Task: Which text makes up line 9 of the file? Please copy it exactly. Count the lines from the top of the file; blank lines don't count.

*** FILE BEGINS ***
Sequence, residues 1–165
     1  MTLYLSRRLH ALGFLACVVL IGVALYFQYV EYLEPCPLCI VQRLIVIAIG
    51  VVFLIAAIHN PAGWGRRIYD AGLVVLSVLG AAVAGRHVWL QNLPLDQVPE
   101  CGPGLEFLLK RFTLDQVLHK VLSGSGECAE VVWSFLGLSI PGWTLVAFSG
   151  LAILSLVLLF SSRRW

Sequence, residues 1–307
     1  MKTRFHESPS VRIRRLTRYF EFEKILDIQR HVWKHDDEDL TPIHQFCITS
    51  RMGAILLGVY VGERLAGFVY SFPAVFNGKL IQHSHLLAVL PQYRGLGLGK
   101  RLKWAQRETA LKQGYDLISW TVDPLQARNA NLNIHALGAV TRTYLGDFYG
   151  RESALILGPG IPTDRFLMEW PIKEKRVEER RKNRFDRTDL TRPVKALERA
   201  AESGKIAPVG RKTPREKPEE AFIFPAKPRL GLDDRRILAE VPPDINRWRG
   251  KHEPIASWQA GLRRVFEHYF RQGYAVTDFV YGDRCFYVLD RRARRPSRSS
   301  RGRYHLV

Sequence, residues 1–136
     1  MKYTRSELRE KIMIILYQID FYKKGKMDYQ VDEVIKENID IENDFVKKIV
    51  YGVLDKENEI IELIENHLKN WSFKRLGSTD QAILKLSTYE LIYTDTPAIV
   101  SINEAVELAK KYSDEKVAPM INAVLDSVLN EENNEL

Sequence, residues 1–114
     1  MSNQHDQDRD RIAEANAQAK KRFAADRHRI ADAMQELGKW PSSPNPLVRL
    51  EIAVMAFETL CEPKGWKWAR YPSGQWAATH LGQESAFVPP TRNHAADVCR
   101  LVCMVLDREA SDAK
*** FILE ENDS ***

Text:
   101  RLKWAQRETA LKQGYDLISW TVDPLQARNA NLNIHALGAV TRTYLGDFYG